Mardy Fish was a top 10 professional tennis player. That is saying something. His career would be judged exceptional, accomplished, and successful by any reasonable standard. What he didn't have in his "drive" to be his best, was perspective. This is a courageous "sharing" by Mardy about Mardy and his being overwhelmed by anxiety at seemingly the least probable time. When we are driven, deep into a highly competitive winner-take-all mentality, it is extremely difficult to step outside and smell our personal roses. Mardy's is a classic case of putting blinders on and focusing intently on a goal (to be the best tennis player he could possibly be). In his moments of accruing success, higher standards (and deeper demons) manifested. Finding, or maintaining perspective was not a priority. Kudo's to Mr. Fish for having shared his experience.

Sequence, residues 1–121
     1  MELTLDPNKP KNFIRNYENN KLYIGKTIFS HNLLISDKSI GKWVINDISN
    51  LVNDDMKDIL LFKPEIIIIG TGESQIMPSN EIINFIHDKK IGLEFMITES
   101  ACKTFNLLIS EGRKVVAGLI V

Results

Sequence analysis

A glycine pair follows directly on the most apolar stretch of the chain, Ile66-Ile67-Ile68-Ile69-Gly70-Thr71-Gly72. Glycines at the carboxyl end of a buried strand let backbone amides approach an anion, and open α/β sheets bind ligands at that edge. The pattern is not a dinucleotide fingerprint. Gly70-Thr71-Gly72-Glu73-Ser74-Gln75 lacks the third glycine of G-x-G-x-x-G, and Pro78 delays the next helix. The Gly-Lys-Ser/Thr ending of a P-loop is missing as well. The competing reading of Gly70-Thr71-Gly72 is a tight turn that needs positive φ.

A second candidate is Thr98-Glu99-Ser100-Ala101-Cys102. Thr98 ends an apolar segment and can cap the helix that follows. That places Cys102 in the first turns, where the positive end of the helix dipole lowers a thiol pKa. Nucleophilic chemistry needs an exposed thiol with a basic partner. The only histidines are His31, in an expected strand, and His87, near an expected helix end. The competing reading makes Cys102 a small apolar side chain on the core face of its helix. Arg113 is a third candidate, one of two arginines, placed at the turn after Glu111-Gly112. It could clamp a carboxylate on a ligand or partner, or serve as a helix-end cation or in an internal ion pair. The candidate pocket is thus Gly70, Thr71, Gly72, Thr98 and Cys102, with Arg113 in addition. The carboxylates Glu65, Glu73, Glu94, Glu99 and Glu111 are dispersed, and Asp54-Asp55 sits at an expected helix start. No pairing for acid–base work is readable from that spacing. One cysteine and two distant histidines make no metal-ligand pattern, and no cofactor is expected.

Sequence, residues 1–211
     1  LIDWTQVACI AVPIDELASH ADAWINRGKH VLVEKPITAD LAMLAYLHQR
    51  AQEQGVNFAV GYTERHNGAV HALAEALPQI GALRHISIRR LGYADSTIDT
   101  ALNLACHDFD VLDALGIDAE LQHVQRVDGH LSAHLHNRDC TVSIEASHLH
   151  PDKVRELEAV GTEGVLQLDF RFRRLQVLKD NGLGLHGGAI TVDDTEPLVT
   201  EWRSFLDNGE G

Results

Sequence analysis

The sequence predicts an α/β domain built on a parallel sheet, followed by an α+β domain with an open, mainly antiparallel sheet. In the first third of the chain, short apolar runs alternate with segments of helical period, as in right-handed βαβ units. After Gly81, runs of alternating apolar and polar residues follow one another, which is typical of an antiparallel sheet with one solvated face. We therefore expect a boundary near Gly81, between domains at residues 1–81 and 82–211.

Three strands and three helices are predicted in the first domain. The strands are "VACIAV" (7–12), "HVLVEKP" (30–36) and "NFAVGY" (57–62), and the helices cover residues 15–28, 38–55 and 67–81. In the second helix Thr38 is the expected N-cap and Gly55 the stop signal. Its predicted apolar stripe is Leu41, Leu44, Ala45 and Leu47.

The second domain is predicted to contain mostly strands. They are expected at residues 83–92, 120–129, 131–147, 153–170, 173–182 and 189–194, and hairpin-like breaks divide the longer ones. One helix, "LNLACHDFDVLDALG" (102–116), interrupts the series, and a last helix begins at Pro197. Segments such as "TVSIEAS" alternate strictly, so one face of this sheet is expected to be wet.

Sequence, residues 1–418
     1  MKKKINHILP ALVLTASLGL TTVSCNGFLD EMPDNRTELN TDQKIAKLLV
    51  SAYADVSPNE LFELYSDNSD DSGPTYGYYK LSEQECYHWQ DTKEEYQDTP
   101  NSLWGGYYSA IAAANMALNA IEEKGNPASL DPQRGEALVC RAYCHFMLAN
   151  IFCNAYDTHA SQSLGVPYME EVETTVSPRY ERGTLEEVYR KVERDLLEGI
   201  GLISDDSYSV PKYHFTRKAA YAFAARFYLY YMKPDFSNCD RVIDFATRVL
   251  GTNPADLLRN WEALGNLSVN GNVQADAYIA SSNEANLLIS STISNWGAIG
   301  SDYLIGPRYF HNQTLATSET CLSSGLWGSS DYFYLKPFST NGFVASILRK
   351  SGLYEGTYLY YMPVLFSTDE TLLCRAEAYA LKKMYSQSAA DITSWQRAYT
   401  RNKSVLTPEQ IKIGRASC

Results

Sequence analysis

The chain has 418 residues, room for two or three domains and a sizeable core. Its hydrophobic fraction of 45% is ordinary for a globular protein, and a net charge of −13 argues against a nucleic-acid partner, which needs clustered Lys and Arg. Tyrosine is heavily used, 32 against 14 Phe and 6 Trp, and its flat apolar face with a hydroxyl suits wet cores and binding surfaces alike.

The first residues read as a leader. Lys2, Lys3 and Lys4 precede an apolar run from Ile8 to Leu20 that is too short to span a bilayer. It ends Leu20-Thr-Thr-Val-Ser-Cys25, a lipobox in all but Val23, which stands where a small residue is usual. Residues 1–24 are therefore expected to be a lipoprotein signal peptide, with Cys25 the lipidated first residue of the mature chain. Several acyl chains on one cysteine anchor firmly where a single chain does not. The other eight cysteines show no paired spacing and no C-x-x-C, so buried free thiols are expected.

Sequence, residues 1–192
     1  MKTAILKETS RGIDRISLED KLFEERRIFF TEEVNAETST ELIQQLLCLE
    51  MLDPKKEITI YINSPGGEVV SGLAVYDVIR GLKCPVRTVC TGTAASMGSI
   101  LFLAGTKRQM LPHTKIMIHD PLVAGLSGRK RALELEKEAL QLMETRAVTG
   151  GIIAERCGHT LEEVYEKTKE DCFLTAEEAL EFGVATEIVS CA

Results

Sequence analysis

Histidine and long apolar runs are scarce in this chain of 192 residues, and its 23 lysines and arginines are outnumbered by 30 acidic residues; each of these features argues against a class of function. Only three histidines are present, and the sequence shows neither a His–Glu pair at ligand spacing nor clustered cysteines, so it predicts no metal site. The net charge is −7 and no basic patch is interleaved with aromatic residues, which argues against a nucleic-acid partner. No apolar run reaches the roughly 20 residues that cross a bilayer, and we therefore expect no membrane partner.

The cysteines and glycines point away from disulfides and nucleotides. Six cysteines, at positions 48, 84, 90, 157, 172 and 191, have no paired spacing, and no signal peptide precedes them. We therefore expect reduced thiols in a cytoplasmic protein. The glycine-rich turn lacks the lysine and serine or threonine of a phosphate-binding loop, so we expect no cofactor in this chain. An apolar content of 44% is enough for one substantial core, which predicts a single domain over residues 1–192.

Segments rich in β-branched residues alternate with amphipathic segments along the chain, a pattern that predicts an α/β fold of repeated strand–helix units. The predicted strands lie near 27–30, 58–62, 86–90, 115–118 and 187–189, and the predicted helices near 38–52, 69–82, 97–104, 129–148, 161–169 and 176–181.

I am hours away from playing in the biggest tennis match of my life: the fourth round of the U.S. Open … on Labor Day … on my dad’s birthday … on Arthur Ashe … on CBS … against Roger Federer. I am hours away from playing the greatest player of all time, for a chance at my best-ever result, in my favorite tournament in the world. I am hours away from playing the match that you work for, that you sacrifice for, for an entire career.
And I can’t do it. I literally can’t do it.
In fact I’m writing this, in a lot of ways, for the express purpose of showing weakness. I’m writing this to tell people that weakness is okay. I’m here to tell people that it’s normal.
And that strength, ultimately, comes in all sorts of forms.
Addressing your mental health is strength. Talking about your mental health is strength. Seeking information, and help, and treatment, is strength.
Read the full article by Mardy Fish on The Players Tribune